These other symptoms include:
- Infrequent or low urination
- Pale, cold, or clammy skin
- Lightheadedness or dizziness upon standing
- Blurry vision
- Severe abdominal cramping
- Heavy and continuous rectal bleeding [Source: My Crohns and Colitis Team]
A less common complication of Ulcerative colitis is a haemorrhage in the gut. This is where the inflammation in the large intestine reaches a point where a blood vessel ruptures leading to high amounts of blood appearing in the toilet. This is more common in Crohn’s disease than in Ulcerative colitis. [Source: Pubmed]
Ulcerative colitis and when to go to the hospital
Changes in certain symptoms are often described as red flags. These are the symptoms that if they appear or increase in severity may require more urgent medical attention.
These include pale, cold or clammy skin, nausea, blurry vision, severe abdominal cramping, heavy and continuous rectal bleeding as well as infrequent of low urination. [Source: My Crohns and Colitis Team]
How to stop Ulcerative colitis bleeding?
There are many ways that the blood in the stool in Ulcerative colitis can stop. For some, this may calm down by itself. While other interventions may be needed. In severe cases, this may require surgery which may involve the removal of part or all of the colon. [Source: Pubmed]
There are also natural ways to address the underlying factors involves in Ulcerative colitis that leads to bleeding.
Are Ulcerative colitis symptoms worse during period?
Studies have found that those with inflammatory bowel diseases such as ulcerative colitis experience more digestive symptoms, prior to their period. This refers to the same symptoms taking place, however, in those with Ulcerative colitis, they were more frequent.
It has also been found that those with Ulcerative colitis have experienced a higher number of loose stools as well as more abdominal pain during their menstrual cycle.
This means that phase of the menstrual cycle may need to be taken into consideration during the evaluation of Ulcerative colitis. However, according to this study, the symptoms that did not change during the different menstrual phases were:
- nocturnal diarrhoea
- haematochezia (blood in the stool)
- faecal incontinence
- the need for antidiarrheal medications (such as Imodium) [Source: PubMed]
What to eat in an Ulcerative colitis flare
While certain foods can be very well tolerated during good periods of the disease, these may then become an issue during an Ulcerative colitis flare-up.
Once the gut lining becomes inflamed and irritated this can lead to anything passing along it feeling very painful. This irritation along the gut lining not only leads to abdominal pain but can also lead to more blood loss. Removing certain foods for a period of time may help to reduce the strain on the gut and lower levels of the blood being lost.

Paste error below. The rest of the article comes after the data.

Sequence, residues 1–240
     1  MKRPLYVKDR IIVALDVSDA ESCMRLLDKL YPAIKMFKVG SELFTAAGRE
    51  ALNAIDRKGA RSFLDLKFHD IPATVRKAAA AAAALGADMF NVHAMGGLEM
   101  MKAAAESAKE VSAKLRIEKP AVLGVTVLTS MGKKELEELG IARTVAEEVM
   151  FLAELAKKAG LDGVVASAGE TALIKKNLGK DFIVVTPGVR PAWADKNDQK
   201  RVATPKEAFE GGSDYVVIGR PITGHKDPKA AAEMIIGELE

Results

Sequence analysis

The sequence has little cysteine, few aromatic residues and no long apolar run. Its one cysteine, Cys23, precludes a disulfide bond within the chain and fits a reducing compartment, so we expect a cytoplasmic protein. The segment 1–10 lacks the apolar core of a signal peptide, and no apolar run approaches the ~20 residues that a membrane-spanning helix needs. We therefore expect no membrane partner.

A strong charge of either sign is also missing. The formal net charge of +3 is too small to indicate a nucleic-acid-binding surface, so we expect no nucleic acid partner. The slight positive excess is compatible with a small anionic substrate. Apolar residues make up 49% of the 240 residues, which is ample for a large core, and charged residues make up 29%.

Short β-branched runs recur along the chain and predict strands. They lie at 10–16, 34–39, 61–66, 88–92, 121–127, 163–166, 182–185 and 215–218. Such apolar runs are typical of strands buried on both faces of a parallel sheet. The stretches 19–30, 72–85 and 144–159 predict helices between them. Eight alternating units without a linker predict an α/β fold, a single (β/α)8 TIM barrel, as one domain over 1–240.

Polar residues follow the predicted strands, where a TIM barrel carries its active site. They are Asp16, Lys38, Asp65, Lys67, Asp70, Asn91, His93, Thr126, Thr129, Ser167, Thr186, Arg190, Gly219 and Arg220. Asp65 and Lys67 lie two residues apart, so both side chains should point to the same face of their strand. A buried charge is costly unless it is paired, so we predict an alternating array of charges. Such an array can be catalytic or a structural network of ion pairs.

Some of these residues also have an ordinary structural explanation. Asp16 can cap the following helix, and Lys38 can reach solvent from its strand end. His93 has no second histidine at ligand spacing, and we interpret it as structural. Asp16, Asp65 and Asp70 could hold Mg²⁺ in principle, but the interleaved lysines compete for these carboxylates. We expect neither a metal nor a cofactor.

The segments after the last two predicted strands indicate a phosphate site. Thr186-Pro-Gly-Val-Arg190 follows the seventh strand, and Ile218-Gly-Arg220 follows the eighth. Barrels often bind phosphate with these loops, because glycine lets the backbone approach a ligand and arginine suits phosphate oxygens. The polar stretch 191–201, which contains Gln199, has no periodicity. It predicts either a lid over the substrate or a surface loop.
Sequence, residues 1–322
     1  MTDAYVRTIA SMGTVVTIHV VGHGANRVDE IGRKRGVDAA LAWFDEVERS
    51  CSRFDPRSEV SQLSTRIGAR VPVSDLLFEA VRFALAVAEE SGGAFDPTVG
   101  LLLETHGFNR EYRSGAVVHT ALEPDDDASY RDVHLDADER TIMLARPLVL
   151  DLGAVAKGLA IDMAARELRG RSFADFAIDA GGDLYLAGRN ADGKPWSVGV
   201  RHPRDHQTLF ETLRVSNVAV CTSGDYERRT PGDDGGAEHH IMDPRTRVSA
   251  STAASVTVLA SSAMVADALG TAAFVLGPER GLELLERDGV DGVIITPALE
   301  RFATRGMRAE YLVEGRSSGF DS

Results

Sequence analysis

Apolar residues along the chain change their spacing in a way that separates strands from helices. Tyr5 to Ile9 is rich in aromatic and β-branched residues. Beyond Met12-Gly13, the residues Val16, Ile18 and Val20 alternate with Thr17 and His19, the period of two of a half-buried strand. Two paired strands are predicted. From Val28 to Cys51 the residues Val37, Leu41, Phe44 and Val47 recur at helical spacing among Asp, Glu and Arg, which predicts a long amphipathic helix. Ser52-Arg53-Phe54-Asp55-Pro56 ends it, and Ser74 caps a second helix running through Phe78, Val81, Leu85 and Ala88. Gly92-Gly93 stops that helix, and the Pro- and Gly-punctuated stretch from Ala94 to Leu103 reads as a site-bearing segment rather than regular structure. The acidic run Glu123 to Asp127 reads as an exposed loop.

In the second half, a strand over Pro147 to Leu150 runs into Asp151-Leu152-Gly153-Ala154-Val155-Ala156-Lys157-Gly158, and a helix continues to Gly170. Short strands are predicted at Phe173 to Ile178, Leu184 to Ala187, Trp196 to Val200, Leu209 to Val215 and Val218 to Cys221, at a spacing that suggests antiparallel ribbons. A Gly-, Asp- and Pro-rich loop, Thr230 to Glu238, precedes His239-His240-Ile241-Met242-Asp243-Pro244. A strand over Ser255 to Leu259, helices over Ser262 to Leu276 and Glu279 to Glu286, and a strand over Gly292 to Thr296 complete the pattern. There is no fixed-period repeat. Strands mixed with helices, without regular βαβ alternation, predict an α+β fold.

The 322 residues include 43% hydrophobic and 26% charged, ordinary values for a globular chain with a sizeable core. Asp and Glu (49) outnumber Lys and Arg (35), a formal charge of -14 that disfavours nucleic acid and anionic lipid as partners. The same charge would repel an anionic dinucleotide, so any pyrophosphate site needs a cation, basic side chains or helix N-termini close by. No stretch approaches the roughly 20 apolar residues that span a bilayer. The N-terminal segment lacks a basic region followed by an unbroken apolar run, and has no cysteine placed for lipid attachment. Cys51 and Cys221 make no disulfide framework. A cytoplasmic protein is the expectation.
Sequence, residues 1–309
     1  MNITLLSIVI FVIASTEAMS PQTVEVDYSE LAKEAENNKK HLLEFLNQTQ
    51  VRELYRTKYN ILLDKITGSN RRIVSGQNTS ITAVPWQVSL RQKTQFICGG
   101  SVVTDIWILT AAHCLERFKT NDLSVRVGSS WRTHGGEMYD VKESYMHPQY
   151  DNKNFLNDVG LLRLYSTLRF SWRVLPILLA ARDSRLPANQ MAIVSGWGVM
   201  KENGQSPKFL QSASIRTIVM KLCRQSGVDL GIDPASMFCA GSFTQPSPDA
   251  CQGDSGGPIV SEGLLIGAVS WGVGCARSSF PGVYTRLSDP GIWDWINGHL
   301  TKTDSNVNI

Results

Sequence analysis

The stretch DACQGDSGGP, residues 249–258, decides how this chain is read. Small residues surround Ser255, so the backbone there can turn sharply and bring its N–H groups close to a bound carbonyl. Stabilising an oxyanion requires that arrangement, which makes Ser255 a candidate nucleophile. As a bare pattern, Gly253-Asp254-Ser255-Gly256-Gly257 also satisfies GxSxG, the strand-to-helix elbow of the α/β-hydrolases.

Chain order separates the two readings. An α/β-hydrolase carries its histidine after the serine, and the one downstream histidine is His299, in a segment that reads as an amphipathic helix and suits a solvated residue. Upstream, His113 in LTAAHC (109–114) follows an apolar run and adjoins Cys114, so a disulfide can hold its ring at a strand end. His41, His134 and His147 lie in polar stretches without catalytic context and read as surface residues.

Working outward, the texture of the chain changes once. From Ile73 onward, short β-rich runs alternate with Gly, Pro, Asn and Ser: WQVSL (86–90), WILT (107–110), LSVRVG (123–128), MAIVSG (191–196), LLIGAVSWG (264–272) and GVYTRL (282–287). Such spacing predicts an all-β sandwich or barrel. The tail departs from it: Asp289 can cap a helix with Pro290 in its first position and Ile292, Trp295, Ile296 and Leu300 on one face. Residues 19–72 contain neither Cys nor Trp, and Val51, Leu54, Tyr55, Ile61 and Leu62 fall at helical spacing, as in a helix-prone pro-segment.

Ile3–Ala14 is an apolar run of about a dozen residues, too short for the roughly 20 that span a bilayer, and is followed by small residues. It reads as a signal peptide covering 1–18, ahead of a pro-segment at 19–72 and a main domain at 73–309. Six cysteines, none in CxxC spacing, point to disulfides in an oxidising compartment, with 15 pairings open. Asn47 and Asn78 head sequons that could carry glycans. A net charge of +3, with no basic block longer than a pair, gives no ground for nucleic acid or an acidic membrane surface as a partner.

Ways to reduce the fibres that can irritate the gut include:
- Removing stems and skins from fruits and vegetables
- Cooking and pureeing fruits and vegetables
- Avoiding nuts and seeds
Dairy has also been indicated to be an issue for many people with Ulcerative colitis and can potentially contribute to a flare. If a specific food is leading to an immune reaction may then contribute to the inflammatory response which damages the gut and causes blood loss in the stool of those with Ulcerative colitis.
Removing dairy may calm the immune response and flare-up. A 2014 study concluded that the intake of dairy products may increase the severity of Ulcerative colitis. [Source: Pubmed]
Is Aloe vera good for Ulcerative colitis?
Aloe vera has been shown to help reduce inflammation and improve gastric ulcers. This also has antioxidant properties which support the health of the gut lining and reduces the damage to the tissue in the gut. [Source: Pubmed]
However, aloe vera is also used as a natural laxative and therefore may need to be approached slowly in some patients with Ulcerative colitis.
Are probiotics good for Ulcerative colitis?
While there is a range of probiotics on the market, not all have been researched for inflammatory bowel diseases such as Ulcerative colitis. This means that probiotics need to be selected carefully for Ulcerative colitis.
A specific probiotic, called VSL#3, has been researched in Ulcerative colitis which lead to a remission/response rate of 77%. This study also reported zero negative reactions (side effects) to taking this probiotic for Ulcerative colitis. [Source: Pubmed]
What is the best type of turmeric to help with Ulcerative colitis?
Turmeric is a herb that is used in a range of cooking practices and traditional medicines. The active component of this herb is called curcumin.
This concentrated form of curcumin has been studied to help reduce inflammation. One study using this form of turmeric alongside the medication mesalamine noted a 300% improvement in response when compared to a placebo. [Source: Pubmed]
There are several ways to calm down a flare-up that has led to more blood appearing in the stool. This can be helpful to calm down symptoms in the short term.
The long-term approach that can be provided by The IBS & Gut Health Clinic is to help to reach a state of remission and to reduce the risk of another flare-up happening in the future.